A letter from the Prime Minister to Cabinet Ministers on July 7th, 2011 stated that:
transparency boards will be established in each of the key delivery departments (health, education, justice, work and pensions, transport).
I’ve just done a quick trawl and found:
- Health and Social Care Transparency Panel
- DfT Transport Sector Transparency Board
- DWP Welfare Sector Transparency Board
- Crime and Justice Transparency Board Minutes on the data.gov.uk site (via Chris Hanretty)
but not corresponding boards for DfE (Education) or
MoJ (Justice)? If you know where to find any more info about these boards (or links to sources explaining why they don’t exist) please let me know via the comments…
It does, however, look as if there may be a Research Sector Transparency Board on the way…(?)
There’s also a smattering of other transparency boards/panels:
- Local Public Data Panel (via DCLG Public Data and Transparency Board)
- Public Sector Transparency Board (which is essentially the Cabinet Office’s Transparency Board)
- Data Strategy Board (which is down the /transparency path on the BIS website) and the Cabinet Office sponsored(?) Open Data User Group
(Again, please let me know via the comments if I’m missing any…)
All departments are also required to publish open data strategies – you can find links to them here: Cabinet Office list of Departmental Open Data Strategies.
I do wonder what all this alleged transparency means or makes possible though…?
5 thoughts on “The Opacity of Transparency”
MoJ has a Crime and Justice Transparency “Sector Panel” — see http://data.gov.uk/blog/crime-and-justice-transparency-sector-panel-13-march-2012 and similar
@chris Thanks for that. The tag use there is a little inconsistent, methinks?!
Interesting list. I think it’s clear that those departments with transparency boards or panels are those most active in opening up their information. That doesn’t necessary mean the driving influences are “top down” of course.
It does not surpise me at all that there’s no evidence of a DfE transparency board yet. The other glaring omission is DeFRA, which you would expect to be taking a more proactive approach to transparency and open data given that it controls so much of the UK’s environmental information.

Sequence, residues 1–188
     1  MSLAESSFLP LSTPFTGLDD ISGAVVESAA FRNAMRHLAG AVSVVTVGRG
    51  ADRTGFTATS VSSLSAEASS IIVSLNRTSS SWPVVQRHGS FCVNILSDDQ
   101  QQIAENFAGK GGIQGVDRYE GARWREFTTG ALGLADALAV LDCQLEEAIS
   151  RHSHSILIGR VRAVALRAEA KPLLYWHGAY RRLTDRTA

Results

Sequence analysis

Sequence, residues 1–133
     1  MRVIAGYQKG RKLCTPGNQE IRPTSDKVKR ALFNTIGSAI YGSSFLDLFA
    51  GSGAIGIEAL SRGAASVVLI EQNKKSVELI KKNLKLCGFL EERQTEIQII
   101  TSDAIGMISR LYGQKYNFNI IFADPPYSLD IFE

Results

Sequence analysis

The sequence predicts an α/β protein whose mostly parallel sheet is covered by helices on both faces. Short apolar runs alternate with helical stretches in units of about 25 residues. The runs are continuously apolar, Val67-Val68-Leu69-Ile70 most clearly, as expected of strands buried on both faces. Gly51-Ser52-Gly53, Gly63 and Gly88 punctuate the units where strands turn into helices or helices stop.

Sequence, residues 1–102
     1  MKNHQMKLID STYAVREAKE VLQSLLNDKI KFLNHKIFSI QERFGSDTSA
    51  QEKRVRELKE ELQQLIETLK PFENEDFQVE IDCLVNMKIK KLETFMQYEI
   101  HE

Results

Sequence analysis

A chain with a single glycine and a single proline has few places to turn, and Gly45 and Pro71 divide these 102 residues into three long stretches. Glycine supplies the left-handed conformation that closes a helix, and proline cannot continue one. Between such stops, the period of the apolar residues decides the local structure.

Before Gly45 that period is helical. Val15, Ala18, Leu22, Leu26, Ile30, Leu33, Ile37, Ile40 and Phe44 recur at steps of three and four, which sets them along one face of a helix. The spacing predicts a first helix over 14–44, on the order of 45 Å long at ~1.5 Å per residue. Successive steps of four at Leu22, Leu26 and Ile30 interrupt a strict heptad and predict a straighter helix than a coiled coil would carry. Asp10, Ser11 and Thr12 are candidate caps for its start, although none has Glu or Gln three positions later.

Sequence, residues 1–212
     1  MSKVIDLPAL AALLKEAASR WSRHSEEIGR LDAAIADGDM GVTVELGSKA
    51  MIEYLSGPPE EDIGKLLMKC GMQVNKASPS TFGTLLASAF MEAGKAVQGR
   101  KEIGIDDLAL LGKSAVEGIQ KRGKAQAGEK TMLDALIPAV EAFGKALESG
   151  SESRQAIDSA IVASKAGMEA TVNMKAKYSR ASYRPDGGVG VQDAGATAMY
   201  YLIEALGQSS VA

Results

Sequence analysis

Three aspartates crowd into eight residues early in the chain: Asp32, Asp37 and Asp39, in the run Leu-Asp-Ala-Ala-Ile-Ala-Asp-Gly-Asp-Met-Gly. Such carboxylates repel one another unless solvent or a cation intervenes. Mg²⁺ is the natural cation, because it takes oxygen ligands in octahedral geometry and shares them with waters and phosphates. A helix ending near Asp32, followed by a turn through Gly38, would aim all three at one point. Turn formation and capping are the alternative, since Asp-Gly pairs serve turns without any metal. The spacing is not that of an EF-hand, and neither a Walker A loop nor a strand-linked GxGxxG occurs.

I assume the Research Sector Transparency Board is the same as the “Research Transparency Sector Board” mentioned in a Russell Group press release in June. (I’d like to think these are being created as separate bodies, but only because that would be funnier.)
The only board I would add to your list is the Social Mobility Sector Transparency Board, announced by Nick Clegg in May. According to BIS this will “work to link up and make better use of official data to gain a fuller picture of mobility in our society.” I haven’t heard anything further about it though.
The Open Data User Group is indeed supported by the Cabinet Office’s transparency team. However it was set up to feed recommendations into the Data Strategy Board. (Heather Savory, chair of the ODUG, also sits on the DSB.)
@Owen DfE is the only dept on the list that appeared in the Prime Minister’s letter that doesn’t appear to have publicly (erm, transparently?) convened it’s transparency board/panel. (It would be interesting to dig a little further as to why both boards and panels appear to have been convened? As I understand it, Panels tend to report to Boards..?) So whilst it might be good for DeFRA to be acting transparently, Environment, Food and Rural Affairs doesn’t appear to be one of the sectors identified for special transparency treatment?
LOL re: the Research Board (memories of the People’s Front – splitters!;-)
I hadn’t picked up on the Social Mobility Sector Transparency Board, so thanks for that link. Re: the ODUG’s reporting role up to the DSB – yes, I’d picked that up before (eg I included a copy of the organisation chart here).
Yes … the PM and I differ on priorities for transparency. Cameron thinks the sheeple only need to know what public bodies spend and how they ‘perform’. In his own words, “the money that goes in, the results that come out”.
I think myself that it’s just as important to have information about processes, including access to most of the big data produced as part of the work of Government (such as the technical datasets held by departments like DeFRA).
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